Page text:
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Slavery in St. Louis Exhibit

September 2 @ 9:00 am - 5:00 pm

Free

The institution of slavery existed in St. Louis for more than 100 years. Famous African American civil rights leaders such as William Wells Brown, Dred and Harriet Scott, and James Milton Turner were once enslaved in St. Louis. When the Civil War broke out, nearly 4,500 African Americans were enslaved within the city’s limits. Ulysses S. Grant National Historic Site is proud to help bring this history to life through a new exhibit now on display through Labor Day (September 4, 2023). Using primary sources, historical artifacts, and individual stories of enslavement, this exhibit aims to connect the growth of slavery with the political, economic, and social history of the Gateway to the West during the 18th and 19th centuries. The park will also offer special programming throughout the spring and summer in conjunction with the exhibit. The exhibit is free and open to the public. Transportation funding is available to bring school groups for a guided experience in the exhibit. Contact Museum Historian/Curator Nick Sacco at nick_sacco@nps.gov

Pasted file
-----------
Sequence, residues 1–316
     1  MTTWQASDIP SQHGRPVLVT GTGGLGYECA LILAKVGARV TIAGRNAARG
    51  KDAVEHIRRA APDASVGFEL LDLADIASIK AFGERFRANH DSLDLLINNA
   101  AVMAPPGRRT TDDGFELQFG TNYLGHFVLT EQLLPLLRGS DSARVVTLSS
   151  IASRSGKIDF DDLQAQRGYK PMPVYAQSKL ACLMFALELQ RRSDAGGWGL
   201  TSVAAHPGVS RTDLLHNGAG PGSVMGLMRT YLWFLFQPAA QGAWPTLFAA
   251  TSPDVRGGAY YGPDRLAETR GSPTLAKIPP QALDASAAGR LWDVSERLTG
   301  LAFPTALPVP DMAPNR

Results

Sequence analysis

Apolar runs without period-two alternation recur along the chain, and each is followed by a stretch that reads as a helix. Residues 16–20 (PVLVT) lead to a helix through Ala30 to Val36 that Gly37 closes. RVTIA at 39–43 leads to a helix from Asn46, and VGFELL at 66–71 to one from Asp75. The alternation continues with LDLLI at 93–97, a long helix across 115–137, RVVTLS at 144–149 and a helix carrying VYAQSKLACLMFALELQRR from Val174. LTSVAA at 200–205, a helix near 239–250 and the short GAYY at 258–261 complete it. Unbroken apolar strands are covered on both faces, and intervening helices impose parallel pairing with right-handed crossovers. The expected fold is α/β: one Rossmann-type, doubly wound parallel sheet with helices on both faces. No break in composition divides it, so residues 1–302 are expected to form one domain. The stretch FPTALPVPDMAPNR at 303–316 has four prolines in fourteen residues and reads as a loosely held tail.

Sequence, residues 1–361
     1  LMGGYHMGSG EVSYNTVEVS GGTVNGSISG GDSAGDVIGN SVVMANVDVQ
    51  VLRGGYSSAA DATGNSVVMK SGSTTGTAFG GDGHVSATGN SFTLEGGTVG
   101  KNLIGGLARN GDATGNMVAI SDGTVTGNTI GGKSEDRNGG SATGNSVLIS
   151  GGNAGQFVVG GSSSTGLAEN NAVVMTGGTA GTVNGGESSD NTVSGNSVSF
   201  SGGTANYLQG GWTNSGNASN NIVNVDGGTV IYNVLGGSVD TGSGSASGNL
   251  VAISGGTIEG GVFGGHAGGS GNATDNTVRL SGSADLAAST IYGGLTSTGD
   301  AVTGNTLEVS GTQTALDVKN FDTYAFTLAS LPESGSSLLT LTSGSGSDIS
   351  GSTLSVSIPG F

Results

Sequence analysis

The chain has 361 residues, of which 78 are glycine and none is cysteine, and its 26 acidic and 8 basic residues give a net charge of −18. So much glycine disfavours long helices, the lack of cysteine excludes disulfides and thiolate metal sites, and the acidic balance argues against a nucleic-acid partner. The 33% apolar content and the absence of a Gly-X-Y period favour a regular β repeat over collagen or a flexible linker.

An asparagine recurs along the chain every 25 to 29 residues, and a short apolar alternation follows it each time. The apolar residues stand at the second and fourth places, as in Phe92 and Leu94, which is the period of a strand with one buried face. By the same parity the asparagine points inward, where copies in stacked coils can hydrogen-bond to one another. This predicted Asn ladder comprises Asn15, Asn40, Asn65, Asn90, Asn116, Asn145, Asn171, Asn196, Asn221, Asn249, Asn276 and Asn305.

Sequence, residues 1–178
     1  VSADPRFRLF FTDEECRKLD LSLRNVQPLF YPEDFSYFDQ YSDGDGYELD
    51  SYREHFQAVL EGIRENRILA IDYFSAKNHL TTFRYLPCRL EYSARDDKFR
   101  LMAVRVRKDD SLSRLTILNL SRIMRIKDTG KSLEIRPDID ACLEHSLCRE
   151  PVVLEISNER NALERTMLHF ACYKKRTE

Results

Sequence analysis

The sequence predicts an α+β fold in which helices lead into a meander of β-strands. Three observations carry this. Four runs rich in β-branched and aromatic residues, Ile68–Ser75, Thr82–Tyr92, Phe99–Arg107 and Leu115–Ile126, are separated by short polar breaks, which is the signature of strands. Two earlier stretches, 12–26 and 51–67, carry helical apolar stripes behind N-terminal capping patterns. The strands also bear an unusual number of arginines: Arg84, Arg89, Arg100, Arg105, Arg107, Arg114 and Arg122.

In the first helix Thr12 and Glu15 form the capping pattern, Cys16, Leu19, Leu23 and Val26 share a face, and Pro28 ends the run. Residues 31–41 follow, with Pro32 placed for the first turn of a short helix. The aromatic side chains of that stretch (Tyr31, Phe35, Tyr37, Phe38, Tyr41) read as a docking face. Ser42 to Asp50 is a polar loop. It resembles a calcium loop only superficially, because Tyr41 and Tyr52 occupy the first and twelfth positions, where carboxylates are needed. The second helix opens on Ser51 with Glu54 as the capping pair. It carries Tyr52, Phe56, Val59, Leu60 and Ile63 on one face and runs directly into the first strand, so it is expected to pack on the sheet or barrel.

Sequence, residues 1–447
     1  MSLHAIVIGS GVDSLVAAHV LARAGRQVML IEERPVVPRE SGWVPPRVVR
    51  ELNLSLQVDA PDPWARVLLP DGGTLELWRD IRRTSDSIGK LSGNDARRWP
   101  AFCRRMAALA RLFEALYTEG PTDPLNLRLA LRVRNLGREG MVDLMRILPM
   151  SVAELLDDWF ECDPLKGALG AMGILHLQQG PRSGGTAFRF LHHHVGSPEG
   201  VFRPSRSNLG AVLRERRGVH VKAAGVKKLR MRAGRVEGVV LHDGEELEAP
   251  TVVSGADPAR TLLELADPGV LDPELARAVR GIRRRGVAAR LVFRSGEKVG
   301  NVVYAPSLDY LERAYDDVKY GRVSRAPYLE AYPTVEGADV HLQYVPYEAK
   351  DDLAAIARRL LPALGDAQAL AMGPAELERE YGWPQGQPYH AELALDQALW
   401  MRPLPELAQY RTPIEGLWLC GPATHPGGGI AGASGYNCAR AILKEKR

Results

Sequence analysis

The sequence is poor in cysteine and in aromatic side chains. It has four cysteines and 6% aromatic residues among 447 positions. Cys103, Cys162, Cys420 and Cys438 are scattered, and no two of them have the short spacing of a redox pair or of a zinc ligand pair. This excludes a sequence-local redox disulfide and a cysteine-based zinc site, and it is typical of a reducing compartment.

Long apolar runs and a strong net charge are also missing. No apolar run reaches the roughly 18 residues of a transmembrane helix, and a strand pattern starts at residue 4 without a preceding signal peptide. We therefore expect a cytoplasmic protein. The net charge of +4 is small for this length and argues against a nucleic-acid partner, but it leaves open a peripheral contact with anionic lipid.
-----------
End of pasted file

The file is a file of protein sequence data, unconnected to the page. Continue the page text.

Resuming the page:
Details

Date:
September 2
Time:
9:00 am - 5:00 pm
Cost:
Free
Event Category:
Website:
nps.gov/ulsg

Venue

Ulysses S. Grant National Historic Site
7400 Grant Rd
St. Louis, MO 63123 United States
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Phone
(314) 842-1867
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